A solid lawn landscaping plan cannot be improvised. Most people want a grass lawn that is dense and strong, like a green carpet. This goal is easily attainable for those of us who have ideal grass growing conditions, but for many of us the dream of a perfect lawn will always remain a dream.
On this page, you will find basic information on how to grow the best possible grass lawn, but you will also find a few alternatives to grass. These should really be useful should you come to the conclusion that you will never be able to achieve that perfect grass lawn.
Let’s start by talking grass and by considering which conditions are best to grow a perfect grass lawn.
Most people think that growing healthy, good looking grass is quite simple. Not so. Turf grass can be capricious. Those rolling hills where grass seems to grow so well, all have two things in common: lots of sun and just the right amount of water. Plus, if you were to look up close at the grass that grows on those hills, you would find a mix of grasses and other plants, such as sedges and wildflowers, that you would not necessarily want to have on your yard. Lawn landscaping in towns and suburbs has little to do with countryside landscapes.
For the purpose of lawn landscaping, you could say there are two main groups of turf grasses:
- Grasses adapted to grow in more temperate conditions, or if you will locations farther from the equator, such as the northern part of the United States, Canada and Europe. The best known are Bluegrass (Poa), Ryegrass (Lolium) and Fescue (Festuca).
- Grasses adapted to warmer climates. These are more resistant to heat, sun and drought. The best known are Zoysiagrass (Zoysia), Bermudagrass (Cynodon) and St. Augustine Grass or Buffalo Grass (Stenotaphrum secundatum).
The garden centers in your area probably sell grass seeds adapted to your climate, so you don’t have to worry too much about that.
All grass varieties need some sun to grow and the most desirable varieties, those which look the best, are strong, resistant and rustic, need a fair amount (at least four hours) of direct sunlight. But there are ones that can survive with much less sun and others that can also survive excessive exposure to direct sunlight. But grass that has no direct sunlight will never look great, no matter what variety and no matter how much fertilizer you use.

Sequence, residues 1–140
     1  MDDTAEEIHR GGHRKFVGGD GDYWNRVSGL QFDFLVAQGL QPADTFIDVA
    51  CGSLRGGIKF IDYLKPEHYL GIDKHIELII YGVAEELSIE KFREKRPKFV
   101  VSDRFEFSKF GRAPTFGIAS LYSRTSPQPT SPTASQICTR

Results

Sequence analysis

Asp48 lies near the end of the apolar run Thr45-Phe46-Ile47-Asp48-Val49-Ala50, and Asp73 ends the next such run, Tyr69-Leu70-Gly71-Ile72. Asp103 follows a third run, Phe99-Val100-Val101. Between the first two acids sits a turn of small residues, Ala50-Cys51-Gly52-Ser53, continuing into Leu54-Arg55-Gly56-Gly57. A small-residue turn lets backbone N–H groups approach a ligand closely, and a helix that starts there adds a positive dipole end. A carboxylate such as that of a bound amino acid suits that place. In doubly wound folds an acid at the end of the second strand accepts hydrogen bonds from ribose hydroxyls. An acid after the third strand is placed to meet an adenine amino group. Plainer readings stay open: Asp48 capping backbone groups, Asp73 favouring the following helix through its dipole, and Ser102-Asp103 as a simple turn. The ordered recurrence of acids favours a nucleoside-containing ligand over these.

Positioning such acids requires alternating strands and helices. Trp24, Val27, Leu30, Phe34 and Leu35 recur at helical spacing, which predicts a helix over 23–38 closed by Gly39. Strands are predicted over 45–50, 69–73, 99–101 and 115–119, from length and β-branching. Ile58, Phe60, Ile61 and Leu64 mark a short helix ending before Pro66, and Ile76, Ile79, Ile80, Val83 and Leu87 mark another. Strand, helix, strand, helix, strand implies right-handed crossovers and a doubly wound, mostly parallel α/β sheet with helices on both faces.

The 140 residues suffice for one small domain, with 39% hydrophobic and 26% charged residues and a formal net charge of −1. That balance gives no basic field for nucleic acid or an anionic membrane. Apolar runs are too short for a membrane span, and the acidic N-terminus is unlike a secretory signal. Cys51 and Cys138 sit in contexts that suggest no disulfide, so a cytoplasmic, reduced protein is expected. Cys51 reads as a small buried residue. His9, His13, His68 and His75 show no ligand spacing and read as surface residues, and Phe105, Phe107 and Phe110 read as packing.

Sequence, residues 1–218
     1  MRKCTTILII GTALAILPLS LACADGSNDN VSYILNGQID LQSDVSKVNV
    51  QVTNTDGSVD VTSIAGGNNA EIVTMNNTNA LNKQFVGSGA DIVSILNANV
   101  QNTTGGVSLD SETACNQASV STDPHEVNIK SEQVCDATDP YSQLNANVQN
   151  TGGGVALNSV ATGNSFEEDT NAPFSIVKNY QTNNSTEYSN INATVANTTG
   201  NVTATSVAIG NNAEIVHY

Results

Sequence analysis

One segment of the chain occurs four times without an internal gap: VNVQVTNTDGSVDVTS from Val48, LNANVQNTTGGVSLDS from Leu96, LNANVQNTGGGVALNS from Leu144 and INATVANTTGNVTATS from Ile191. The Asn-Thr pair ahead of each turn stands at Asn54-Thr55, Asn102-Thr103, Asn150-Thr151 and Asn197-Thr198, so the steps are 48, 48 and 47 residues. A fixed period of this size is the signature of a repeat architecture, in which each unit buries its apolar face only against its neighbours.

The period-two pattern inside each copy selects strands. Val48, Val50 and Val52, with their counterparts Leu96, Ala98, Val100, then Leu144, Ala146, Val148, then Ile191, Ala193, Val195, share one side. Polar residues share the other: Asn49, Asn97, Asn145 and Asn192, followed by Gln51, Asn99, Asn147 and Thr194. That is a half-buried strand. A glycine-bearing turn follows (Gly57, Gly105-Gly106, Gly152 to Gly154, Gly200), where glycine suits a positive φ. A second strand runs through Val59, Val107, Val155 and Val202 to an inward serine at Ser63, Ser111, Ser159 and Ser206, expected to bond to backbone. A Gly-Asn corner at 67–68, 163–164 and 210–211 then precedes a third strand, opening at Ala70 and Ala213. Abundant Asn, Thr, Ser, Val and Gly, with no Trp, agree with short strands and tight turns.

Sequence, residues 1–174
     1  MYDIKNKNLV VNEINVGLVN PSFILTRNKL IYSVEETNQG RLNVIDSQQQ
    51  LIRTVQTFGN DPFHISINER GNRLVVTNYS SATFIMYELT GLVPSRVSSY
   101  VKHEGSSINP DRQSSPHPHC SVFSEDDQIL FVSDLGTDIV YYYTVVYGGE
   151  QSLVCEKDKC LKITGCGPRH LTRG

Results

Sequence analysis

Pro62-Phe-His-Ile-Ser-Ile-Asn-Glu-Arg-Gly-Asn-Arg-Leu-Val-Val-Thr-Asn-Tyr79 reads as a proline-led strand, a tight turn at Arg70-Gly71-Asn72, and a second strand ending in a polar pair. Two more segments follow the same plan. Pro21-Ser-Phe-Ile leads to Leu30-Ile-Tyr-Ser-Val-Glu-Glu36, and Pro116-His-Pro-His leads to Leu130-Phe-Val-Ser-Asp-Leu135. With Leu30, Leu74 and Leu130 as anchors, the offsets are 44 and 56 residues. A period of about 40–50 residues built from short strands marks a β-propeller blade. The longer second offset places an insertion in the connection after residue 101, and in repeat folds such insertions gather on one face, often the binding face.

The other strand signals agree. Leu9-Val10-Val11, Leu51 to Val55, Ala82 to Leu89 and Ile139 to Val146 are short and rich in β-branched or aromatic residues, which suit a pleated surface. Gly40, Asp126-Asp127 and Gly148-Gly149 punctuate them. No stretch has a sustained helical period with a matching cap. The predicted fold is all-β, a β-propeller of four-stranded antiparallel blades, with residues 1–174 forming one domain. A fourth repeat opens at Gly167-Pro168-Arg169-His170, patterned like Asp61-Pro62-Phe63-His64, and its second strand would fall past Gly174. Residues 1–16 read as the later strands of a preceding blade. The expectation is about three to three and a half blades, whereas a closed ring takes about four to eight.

Since lawn grass has short roots, it can only get water if it is close below the surface. So a regular supply of water is necessary. Then again, if the ground is too soggy, various types of fungus and moss may grow and claim the place as their own. Note that there are some types of grasses that are able to survive drought conditions.
Choosing the right type of turf grass
It is essential that you take into consideration how much sun and water your grass will get. And you may need to be quite specific about this. If parts of your yard get more than four hours of direct sunlight and others less than two, a single type of grass may not do the job. If you have drawn up a landscaping plan, you probably have identified locations with more or less sun and water. This will come in really handy as you try to make decisions about what to grow where.
- Those spots that get a lot of sun should get sun grass, such as Bluegrass for cooler climates and Bermuda Grass for warmer climates.
- Those spots that get only a little sun should get shade grass, such as Red Fescue for cooler climates and Zoysiagrass for warmer climates.
- Those spots that get too little sun or too much water should probably get shade loving or water loving plants, such as wet shade shrubs or shade ground covers.
Starting a grass lawn
The first questions you should ask yourself before starting a lawn landscaping project are the following:
- Do I like the features of my yard? Do I want to make changes to the way it looks? If so, what changes do I want to make?
- Is the soil right to grow grass? Do I need to change part of the soil or add new soil? You should know that grass does not grow ell on soil contains too much sand or clay.
- Are the sun and water conditions generally right on my yard? Are there locations where they aren’t?
- Will I install a watering system?
- Finally, do I want to seed or sod? Note that it is relatively easy to find grass seeds for shaded areas but the same cannot be said for sods. So if your grass lawn looks bad because it doesn’t get enough sun and you’re thinking “My grass lawn looks bad but I’ll just have it all replaced by sods”, you’re in for a bad surprise. In a few very short years you’ll be back where you started.
Taking care of your grass lawn
A successful lawn landscaping project involves lots of lawn care. So you will have to mow that beautiful lawn regularly with a mower that has a sharp blade, you will have to weed it of course and you will probably need to fertilize it occasionally. The Sensible Gardener has a list of 10 tips for you that will ensure you have the best looking lawn.
Lawn landscaping problems
A grass lawn growing in bad conditions will have many problems. In many cases, the grass will be sparse and weeds and moss will be fierce competitors. To learn how to fight back, visit our page on Lawn problems. And if your problem can’t be fixed because you don’t have good grass growing conditions, then maybe you should think grass replacement.